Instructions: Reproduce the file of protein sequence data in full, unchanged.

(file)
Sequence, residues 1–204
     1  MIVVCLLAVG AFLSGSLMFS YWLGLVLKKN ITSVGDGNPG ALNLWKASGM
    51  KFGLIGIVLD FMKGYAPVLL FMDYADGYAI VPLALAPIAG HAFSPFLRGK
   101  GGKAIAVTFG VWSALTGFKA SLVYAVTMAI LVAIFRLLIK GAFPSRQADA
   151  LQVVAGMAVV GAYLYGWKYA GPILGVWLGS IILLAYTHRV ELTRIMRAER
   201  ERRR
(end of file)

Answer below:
Sequence, residues 1–204
     1  MIVVCLLAVG AFLSGSLMFS YWLGLVLKKN ITSVGDGNPG ALNLWKASGM
    51  KFGLIGIVLD FMKGYAPVLL FMDYADGYAI VPLALAPIAG HAFSPFLRGK
   101  GGKAIAVTFG VWSALTGFKA SLVYAVTMAI LVAIFRLLIK GAFPSRQADA
   151  LQVVAGMAVV GAYLYGWKYA GPILGVWLGS IILLAYTHRV ELTRIMRAER
   201  ERRR